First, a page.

Why is "Jane" given the same sort of protection normally given rape victims? Star chambers never went after anyone for offendinging someone's virgin ears with an inpolite word.
1.24.2008 10:15am
A.C.:
P.C. stopped being about actual content ages ago. It's a "gotcha" game played by people trying to assert authority. As far as I'm concerned, this is bad both because it's socially corrosive and because it makes it very difficult to fight the rare instances of real, toxic racism that still come up occasionally.

The boy has cried "wolf" too many times.
1.24.2008 10:15am
Houston Lawyer:
Obviously, I need spell check.

A young associate I work with reminds me from time to time that it is the role of the senior guys to rein in the overzealous younger guys. Where are the adults at Brandeis?
1.24.2008 10:19am
Tracy Johnson (www):
Looks like you read that old book of Russian Fairy tales I handed to Vladimir. Glad to hear that!
1.24.2008 10:25am
Le Messurier (mail):
The Brandeis administration's PC approach to this non-problem reminds me of the following old saw:


Political Correctness
Political Correctness is a doctrine, fostered by a delusional, illogical, liberal minority and rabidly promoted by an unscrupulous mainstream media, which holds forth the proposition that it is entirely possible to pick up a turd by the clean end.
1.24.2008 10:33am
Ralph Phelan (mail):
More of the quote of "Jane"
As to the investigation of Hindley's class, Jane explained, "I had a very long chat with Jess Simone who is in Human Resources. She seemed almost excited, but intrigued… she had her assistant, who took avid notes of everything I said. It seems to me that the Administration is almost happy this came about, so they can nail him. He's been around forever and I've heard comments of dislike from the past decades—there have been other complaints [about] that. I think they're attempting to give him his due process now since he has been here so long—at least that's the impression that I've heard."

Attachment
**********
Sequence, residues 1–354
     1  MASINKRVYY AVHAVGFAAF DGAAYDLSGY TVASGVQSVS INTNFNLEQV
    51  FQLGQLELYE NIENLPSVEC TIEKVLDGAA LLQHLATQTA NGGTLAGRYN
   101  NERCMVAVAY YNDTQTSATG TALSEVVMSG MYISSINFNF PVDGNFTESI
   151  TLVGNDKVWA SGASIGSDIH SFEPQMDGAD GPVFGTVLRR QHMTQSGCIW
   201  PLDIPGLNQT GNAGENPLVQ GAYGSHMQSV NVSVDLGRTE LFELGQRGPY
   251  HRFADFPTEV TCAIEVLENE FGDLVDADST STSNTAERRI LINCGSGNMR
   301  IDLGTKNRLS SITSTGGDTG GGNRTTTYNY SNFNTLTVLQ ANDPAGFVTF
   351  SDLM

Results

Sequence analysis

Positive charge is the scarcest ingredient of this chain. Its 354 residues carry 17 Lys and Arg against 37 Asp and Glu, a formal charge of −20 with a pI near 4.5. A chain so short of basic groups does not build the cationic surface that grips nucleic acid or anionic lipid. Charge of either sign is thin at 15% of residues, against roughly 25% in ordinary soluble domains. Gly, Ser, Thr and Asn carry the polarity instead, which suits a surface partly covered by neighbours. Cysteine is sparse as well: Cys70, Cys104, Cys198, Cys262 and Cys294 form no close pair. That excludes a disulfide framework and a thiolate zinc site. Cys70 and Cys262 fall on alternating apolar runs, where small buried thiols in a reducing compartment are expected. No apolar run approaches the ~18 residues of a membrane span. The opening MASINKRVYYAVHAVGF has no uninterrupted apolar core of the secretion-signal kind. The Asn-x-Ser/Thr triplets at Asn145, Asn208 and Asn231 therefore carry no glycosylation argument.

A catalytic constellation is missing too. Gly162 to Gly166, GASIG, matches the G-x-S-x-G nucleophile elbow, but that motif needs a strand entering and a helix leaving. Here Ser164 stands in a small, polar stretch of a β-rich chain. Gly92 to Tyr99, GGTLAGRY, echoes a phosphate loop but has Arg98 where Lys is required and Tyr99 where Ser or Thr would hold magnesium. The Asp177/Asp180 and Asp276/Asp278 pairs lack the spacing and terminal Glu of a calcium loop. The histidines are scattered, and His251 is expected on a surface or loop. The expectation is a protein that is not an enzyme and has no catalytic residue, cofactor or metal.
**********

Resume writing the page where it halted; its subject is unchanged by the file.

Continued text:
Tell me again how tenure protects freedom and diversity of thought on campus?
1.24.2008 10:42am
Letalis Maximus, Esq. (mail):
Mohamed Rasoel: "Being offended is sometimes purely a form of aggression."
1.24.2008 10:55am
Ex parte McCardle:
Geez, imagine what will happen if somebody at Brandeis assigns Huck Finn as required reading.
1.24.2008 11:00am
Tony Tutins (mail):
Context is unimportant if you haven't been paying attention. Half the laptoppers in any class are shopping online or instant messaging their friends. "Wetbacks" is probably the only part of the lecture such people heard.
1.24.2008 11:04am
Tony Tutins (mail):

Geez, imagine what will happen if somebody at Brandeis assigns Huck Finn as required reading.

Or Conrad's The Nigger of the "Narcissus"
1.24.2008 11:06am
Redman:
Its a very small step from prohibiting the saying of a word and prohibiting the thinking of a word.

We're all going to have so much fun with President Hillary.
1.24.2008 11:15am
Hoosier:
Tony Tunis--Amen, brother. I hate the proliferation of laptops in classrooms. I have no idea what's actually going on behind that screen.

I don't think these situations arise as often as one might think: "Collegiality" is a very strong force among tenured faculty. And collegiality is defined as "I can cause the minimum headache to myself by ignoring anything unacceptable that a tenured colleague is doing."